Atlanta — It almost seems as if International CES is moving here this week, under the guise of Wireless 2004.
Handset suppliers at the show plan to integrate megapixel digital cameras, MP3 players, FM radios, PDAs, game players and video players into more phones.
Some of the devices are on display at a show-within-a-show called the Mobile Entertainment Expo, which accounts for 20,000 of Wireless 2004’s 300,000 square feet of exhibit space. Inside the Expo, attendees will also get a glimpse of what’s to come in the downloading and streaming of music, video and video games.
On the main show floor, attendees will find the first megapixel camera phones targeted to the U.S. market and a growing selection of phones equipped with high-speed EDGE and CDMA 1X EV-DO wireless-data technologies. Both technologies can be used to send or receive streaming video.
Two-way video calling is a feature available in third-generation W-CDMA phones, and at least three suppliers — Nokia, NEC and Motorola — will display U.S.-market W-CDMA phones at the show (see story, p. 38).
Companies unveiling their first megapixel camera phones include Kyocera, LG InfoComm, Nokia and Motorola. Sony Ericsson will show its first EDGE phone, and LG will show its first EV-DO phone, joining a previously announced EV-DO PDA phone from Audiovox.
The show, hosted by the Cellular Telecommunications and Internet Association (CTIA), will also give the trade a peek at:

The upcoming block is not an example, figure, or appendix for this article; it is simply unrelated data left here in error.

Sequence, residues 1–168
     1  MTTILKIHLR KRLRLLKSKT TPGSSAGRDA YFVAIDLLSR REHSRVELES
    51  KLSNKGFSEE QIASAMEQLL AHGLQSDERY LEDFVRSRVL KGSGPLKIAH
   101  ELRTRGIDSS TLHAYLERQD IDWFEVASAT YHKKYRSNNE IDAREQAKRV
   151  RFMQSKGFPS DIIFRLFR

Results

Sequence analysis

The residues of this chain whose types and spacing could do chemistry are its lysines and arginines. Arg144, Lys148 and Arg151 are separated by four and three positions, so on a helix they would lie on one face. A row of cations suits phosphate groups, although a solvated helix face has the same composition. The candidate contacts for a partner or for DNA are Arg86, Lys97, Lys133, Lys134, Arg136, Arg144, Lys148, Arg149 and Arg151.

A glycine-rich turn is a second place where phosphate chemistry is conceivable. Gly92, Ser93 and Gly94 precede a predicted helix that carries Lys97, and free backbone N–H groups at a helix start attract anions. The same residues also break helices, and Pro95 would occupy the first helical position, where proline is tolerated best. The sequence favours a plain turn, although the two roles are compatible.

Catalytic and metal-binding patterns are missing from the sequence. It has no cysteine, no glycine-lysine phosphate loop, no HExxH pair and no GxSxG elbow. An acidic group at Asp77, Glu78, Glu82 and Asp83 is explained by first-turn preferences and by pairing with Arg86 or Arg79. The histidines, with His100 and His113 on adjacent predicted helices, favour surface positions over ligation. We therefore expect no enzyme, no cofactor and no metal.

A growing selection of push-to-talk (PTT) phones, with Kyocera showing its second CDMA model and Sony Ericsson showing its first two models, both for GSM networks.
Kyocera and Sony Ericsson cameraphones that look like a camera on one side and a phone on the other.
The first Sony Ericsson and Kyocera phones that swivel to open up.
A greater selection of camera phones with built-in LED light for taking pictures in low-light conditions. They include the first such phones from LG InfoComm, Panasonic and Sony Ericsson.
More phones with speaker-independent voice recognition. Motorola and LG will show at least one each.
These and other phones will tap into a growing trend by consumers to use phones for entertainment as well as for communication and information.
Game downloads, for example, are accelerating. In the United States, IDC believes the number of consumers who will download games over the air to their handsets will grow from 7.9 percent of all wireless subscribers in 2003 to 34.7 percent, or 65.2 million users, in 2008.
"In the next 12 months," said IDC senior research analyst Dana Thorat, "carriers plan to aggressively promote wireless games to their subscribers while offering new lineups of compelling titles, including those that support multiplayer gaming and limited 3D rendering."